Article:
In the chemiluminescent reaction of Luminol in an aqueous solution, the luminol needs to react with molecular oxygen to produce a photon of blue light. In the technique, the hemoglobin of blood decomposes hydrogen peroxide to produce oxygen, which then react with the luminol. My issue is; wouldn't there already be oxygen present within the blood itself or from the environment that would react with the luminol itself? Am I missing something?
wouldn't there already be oxygen present within the blood itself or from the environment that would react with the luminol itself?
I'd say that's the exact reason why peroxide is added.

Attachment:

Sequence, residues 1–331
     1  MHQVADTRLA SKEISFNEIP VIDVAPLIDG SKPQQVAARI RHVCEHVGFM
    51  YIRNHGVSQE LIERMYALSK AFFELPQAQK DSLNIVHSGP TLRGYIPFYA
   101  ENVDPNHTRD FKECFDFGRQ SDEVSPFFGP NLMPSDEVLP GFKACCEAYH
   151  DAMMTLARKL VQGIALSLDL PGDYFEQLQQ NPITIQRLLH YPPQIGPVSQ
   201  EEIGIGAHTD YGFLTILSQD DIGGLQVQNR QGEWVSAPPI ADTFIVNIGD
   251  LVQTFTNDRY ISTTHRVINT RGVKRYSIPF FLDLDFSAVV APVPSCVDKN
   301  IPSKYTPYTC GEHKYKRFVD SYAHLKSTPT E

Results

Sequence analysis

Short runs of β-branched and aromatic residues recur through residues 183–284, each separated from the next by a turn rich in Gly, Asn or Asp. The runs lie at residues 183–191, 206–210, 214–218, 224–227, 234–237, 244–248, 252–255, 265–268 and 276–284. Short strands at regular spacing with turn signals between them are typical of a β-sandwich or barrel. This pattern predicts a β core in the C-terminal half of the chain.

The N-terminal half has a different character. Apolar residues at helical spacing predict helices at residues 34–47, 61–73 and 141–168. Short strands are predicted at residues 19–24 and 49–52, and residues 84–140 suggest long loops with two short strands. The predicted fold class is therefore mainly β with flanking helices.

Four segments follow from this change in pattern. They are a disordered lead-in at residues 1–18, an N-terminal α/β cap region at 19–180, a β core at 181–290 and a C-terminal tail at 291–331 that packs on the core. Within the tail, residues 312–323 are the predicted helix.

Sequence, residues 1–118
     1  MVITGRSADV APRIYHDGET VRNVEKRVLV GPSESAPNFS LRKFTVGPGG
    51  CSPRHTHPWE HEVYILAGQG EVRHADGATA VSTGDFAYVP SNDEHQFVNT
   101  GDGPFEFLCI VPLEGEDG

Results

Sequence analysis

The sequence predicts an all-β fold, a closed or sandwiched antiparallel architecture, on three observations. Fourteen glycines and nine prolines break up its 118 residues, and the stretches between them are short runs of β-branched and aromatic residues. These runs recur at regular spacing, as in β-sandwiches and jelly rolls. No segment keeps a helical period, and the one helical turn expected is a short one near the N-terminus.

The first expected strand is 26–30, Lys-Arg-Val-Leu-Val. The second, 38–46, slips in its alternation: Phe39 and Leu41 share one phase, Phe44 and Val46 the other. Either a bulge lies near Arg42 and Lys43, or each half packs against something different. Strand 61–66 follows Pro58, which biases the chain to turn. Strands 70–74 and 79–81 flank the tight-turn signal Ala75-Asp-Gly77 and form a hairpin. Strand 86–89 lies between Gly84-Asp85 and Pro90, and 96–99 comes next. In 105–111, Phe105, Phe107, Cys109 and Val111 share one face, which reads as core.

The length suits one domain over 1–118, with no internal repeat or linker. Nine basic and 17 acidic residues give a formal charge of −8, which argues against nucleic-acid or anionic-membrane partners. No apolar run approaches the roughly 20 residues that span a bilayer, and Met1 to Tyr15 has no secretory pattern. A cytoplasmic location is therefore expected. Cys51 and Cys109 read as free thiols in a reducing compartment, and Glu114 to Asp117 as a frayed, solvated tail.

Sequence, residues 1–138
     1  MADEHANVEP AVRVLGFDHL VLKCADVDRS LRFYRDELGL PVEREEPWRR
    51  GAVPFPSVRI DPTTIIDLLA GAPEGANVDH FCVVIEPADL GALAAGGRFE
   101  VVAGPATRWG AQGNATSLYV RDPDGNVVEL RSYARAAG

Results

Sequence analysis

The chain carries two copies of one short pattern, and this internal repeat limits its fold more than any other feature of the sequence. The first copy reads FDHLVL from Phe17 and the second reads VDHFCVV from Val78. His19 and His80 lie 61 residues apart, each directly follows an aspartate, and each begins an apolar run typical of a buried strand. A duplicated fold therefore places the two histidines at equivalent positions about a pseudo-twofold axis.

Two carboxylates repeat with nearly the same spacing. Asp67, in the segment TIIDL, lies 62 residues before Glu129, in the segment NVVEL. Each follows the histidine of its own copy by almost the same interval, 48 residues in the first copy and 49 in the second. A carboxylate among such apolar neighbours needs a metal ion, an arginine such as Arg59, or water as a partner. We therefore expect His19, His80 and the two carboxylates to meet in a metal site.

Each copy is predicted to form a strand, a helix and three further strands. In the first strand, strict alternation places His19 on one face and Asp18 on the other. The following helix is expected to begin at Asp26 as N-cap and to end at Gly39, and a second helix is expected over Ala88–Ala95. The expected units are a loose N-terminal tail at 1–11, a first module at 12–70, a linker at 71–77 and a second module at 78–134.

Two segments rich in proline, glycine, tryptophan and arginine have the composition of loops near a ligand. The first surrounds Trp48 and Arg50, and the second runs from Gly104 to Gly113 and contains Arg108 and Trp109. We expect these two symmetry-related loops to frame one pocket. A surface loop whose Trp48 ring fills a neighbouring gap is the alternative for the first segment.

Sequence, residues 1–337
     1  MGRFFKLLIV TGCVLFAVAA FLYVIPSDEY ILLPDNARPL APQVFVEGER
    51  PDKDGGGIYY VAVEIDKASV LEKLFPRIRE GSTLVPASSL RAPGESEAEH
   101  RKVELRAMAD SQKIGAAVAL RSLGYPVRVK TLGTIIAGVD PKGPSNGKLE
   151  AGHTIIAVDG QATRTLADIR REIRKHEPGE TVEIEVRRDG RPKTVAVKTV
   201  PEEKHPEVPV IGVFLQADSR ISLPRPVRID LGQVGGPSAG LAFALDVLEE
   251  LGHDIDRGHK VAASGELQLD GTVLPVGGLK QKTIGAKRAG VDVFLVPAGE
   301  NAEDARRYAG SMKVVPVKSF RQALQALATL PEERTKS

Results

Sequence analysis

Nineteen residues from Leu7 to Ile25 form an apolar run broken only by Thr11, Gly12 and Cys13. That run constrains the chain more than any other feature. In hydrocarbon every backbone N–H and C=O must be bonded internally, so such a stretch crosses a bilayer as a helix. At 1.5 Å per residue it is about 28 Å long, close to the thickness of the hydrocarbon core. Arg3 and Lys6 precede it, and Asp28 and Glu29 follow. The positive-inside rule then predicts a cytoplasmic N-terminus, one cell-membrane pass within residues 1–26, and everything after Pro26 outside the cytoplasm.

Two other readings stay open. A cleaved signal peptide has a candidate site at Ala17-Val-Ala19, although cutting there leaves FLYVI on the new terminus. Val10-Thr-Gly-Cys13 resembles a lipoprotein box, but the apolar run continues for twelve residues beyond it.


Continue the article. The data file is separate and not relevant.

Without peroxide, the oxygen in blood stain may not contrast clearly enough with environmental oxygen, and you got uniform background (if detectable) luminescence everywhere.
With peroxide, the iron in blood stain suddenly produce huge extra amount of oxygen, and everywhere else the background is kept low, which gave away where the stains are.
That's if you are looking for the blood (with the help of oxygen). If you are looking for the oxygen itself, there should be other methods (electrochemical sensors, etc).